Posted January. 20, 2012 08:25,
The Foreign Affairs and Trade Ministry is panic mode in the wake of a stock rigging scandal that has implicated high-ranking diplomats and CNK International, a Korean diamond developer in Cameroon.
The ministry is under criticism for letting the scandal snowball despite that suspicions were first raised a year ago, seemingly focusing on making excuses for failure to act. Fears are also growing of yet another crisis of trust for the ministry, which suffered severe criticism in 2010 after the daughter of then Foreign Minister Yu Myung-hwan received preferential treatment in hiring.
The Foreign Ministry went into damage control Thursday, a day after financial authorities announced that a ministry news release on CNK`s development of a diamond mine in Cameroon was "false and exaggerated." Ministry officials were speechless after discovering that their ministry presented false information use to raise CNK`s stock price, resulting in a criminal probe.
When the scandal first surfaced last year, the ministry focused on explaining the situation without making rigorous fact-finding efforts. The ministry issued a second news release in June last year to give an explanation for the scandal. Back then, rumors of it had been spreading in the Korean stock market. The ministry, however, reiterated its claim that the Cameroonian government conducted a "strict" review in the exploration process, was careful about granting mining concessions, and "officially recognized" CNK`s exploration report.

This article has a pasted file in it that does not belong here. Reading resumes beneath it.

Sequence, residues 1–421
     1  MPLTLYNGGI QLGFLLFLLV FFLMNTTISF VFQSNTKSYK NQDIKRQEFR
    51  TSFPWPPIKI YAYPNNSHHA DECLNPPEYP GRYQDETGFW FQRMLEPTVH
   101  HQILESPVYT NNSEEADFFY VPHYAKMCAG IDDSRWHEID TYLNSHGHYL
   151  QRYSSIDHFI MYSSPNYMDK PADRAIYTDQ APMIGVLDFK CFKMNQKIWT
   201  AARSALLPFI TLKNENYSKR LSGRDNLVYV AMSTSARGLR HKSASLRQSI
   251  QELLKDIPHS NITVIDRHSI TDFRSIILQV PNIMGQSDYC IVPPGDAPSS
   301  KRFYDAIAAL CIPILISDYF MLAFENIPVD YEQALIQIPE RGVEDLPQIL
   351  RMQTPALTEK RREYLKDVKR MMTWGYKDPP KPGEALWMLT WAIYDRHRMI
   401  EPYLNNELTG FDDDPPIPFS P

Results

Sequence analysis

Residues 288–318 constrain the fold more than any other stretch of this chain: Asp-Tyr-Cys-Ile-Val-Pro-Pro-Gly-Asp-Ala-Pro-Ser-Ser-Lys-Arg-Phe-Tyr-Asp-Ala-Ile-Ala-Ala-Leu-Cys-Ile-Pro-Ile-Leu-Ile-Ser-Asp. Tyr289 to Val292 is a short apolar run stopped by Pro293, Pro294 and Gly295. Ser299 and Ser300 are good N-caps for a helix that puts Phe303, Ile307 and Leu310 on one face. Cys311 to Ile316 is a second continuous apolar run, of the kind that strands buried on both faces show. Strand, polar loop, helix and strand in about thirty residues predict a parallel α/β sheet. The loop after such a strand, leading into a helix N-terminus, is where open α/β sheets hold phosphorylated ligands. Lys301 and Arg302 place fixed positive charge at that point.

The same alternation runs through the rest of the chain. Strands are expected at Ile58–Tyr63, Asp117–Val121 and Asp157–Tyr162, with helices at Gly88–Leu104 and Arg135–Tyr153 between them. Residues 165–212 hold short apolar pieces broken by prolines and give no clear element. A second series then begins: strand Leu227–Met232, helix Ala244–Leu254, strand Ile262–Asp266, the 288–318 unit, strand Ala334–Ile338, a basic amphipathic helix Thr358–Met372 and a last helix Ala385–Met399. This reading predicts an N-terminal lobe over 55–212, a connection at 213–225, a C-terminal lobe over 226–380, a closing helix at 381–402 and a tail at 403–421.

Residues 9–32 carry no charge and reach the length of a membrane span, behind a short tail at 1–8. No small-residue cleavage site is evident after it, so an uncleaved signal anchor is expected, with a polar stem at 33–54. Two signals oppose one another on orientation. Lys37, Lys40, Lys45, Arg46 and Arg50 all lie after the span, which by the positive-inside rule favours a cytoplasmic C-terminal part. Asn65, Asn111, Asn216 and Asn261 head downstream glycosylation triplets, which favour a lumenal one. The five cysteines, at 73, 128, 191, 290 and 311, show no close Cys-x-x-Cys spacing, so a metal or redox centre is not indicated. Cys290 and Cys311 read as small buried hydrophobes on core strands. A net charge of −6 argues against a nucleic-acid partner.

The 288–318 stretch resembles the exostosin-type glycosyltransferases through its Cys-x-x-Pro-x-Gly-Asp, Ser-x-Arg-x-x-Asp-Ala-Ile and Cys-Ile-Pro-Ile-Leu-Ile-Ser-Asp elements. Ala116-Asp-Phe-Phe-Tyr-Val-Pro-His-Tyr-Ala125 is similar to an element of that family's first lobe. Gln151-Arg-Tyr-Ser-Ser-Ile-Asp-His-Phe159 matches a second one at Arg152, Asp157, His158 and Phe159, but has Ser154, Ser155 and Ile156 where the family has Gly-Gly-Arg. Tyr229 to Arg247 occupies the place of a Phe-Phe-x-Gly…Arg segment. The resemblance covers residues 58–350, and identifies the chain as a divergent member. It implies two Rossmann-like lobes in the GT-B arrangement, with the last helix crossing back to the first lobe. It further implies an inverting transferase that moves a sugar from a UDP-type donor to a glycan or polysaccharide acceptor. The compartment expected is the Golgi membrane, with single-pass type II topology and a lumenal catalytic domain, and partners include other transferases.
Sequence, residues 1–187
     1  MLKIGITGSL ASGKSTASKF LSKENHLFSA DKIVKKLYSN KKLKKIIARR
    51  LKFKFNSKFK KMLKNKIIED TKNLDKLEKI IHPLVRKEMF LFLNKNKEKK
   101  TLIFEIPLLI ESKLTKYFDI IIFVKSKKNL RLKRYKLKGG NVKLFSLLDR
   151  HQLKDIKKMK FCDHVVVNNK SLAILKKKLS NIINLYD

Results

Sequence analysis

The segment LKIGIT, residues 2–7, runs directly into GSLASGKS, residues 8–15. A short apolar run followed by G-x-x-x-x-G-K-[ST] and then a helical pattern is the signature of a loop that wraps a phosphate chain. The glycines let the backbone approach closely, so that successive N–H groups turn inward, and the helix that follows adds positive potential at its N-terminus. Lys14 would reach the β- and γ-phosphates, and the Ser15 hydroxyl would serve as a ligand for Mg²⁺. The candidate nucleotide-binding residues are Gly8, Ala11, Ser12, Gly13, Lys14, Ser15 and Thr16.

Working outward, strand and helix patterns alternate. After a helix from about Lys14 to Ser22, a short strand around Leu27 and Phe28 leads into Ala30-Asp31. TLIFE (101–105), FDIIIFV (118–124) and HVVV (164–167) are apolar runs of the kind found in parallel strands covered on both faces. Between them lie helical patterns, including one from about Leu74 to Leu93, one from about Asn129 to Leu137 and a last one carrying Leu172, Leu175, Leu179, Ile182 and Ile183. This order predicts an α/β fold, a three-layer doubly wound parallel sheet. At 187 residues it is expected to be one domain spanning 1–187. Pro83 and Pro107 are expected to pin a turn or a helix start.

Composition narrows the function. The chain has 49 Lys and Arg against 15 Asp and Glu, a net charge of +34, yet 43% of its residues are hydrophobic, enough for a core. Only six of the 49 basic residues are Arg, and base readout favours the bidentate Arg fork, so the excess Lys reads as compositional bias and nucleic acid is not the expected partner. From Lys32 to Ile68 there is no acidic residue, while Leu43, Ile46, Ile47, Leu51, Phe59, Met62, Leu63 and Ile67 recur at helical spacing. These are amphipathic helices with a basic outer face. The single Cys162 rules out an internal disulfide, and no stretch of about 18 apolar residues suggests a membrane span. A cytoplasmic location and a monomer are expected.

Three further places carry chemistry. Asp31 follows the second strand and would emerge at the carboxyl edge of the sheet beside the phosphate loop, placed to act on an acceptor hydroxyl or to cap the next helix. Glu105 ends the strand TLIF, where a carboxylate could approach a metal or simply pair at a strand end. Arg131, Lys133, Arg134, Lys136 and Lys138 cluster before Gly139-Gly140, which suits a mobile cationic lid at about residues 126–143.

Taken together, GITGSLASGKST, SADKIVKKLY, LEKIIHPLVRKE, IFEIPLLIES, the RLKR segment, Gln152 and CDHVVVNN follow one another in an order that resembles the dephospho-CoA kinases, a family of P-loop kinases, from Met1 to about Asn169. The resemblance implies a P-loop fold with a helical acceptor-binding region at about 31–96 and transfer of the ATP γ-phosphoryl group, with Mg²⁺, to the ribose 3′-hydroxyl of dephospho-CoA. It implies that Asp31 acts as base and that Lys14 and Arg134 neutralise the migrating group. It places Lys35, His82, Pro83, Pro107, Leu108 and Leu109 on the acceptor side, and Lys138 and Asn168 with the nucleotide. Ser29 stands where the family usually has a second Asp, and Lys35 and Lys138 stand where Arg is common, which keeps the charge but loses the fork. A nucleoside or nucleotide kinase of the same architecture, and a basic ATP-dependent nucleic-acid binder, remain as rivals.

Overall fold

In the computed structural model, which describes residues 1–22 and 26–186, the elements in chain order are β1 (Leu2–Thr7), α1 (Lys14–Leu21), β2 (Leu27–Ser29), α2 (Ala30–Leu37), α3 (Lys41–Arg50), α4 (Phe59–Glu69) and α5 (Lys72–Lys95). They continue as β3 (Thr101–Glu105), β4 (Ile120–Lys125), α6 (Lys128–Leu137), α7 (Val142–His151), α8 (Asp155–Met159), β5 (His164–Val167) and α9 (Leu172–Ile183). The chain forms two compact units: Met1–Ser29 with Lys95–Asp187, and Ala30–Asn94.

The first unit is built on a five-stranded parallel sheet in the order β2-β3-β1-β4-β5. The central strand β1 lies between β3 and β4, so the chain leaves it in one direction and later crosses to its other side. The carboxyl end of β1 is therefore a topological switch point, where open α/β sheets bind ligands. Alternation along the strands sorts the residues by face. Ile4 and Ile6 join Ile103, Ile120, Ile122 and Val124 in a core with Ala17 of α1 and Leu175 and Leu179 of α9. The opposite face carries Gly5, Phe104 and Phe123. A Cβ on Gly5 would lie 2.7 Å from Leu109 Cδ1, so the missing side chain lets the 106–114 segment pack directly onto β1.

In the following parliamentary audit sessions, the ministry circulated lengthy reference materials among lawmakers, claiming nothing was wrong about CNK`s project. In a document released Sept. 25 last year on senior government officials` visits to Africa, the ministry stressed the need to publicize success stories of Korean companies in Africa.
In the document, the ministry cited a South African mining consulting company`s project technical report as grounds for its optimistic evaluation of the project. According to the document, the report said CNK`s diamond development project had "good potential."
Also listed, however, was other items including geological challenges, safety fears, seasonal issues and Cameroon`s unfavorable business environment. In addition, the report said the environmental evaluation that CNK said had been completed in 2009 failed to meet international standards and was vulnerable to nongovernmental environmental activist groups.
Nevertheless, the ministry balked at disclosing information to be used to find facts about the project. Chung Tae-geun, an independent lawmaker, requested that the ministry provide him with documents published by the U.N. Development Program that the ministry used to estimate the diamond deposits. The request was rejected, however, after the ministry cited diplomatic practices. Chung said the information had been made public by the U.N. program, blaming the ministry for making an organized effort to cover up the scandal.